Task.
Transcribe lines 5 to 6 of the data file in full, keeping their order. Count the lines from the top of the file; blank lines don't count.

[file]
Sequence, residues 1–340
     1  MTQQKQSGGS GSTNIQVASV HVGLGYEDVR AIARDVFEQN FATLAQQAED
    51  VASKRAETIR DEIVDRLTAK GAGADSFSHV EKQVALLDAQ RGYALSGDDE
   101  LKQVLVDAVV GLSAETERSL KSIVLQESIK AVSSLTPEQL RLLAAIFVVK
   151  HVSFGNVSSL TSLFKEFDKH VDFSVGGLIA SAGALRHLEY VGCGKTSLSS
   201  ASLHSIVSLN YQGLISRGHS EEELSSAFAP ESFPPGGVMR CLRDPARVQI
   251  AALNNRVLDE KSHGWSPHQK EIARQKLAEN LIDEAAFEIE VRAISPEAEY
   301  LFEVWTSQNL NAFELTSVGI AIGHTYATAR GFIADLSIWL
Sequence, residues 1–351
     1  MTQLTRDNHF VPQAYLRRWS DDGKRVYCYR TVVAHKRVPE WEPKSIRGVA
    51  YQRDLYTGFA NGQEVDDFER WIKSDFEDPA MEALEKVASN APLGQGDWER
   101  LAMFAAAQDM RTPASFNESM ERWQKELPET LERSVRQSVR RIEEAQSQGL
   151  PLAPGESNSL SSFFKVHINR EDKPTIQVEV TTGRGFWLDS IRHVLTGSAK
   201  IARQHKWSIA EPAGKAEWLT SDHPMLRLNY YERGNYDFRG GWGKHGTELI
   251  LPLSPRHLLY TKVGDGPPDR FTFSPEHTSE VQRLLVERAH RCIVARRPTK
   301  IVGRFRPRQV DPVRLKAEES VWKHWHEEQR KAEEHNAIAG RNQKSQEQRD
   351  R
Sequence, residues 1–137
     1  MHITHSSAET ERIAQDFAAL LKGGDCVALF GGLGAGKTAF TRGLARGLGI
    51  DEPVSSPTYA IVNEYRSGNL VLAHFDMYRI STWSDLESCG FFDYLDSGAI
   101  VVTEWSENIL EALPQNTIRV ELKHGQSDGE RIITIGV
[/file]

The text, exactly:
   151  HVSFGNVSSL TSLFKEFDKH VDFSVGGLIA SAGALRHLEY VGCGKTSLSS
   201  ASLHSIVSLN YQGLISRGHS EEELSSAFAP ESFPPGGVMR CLRDPARVQI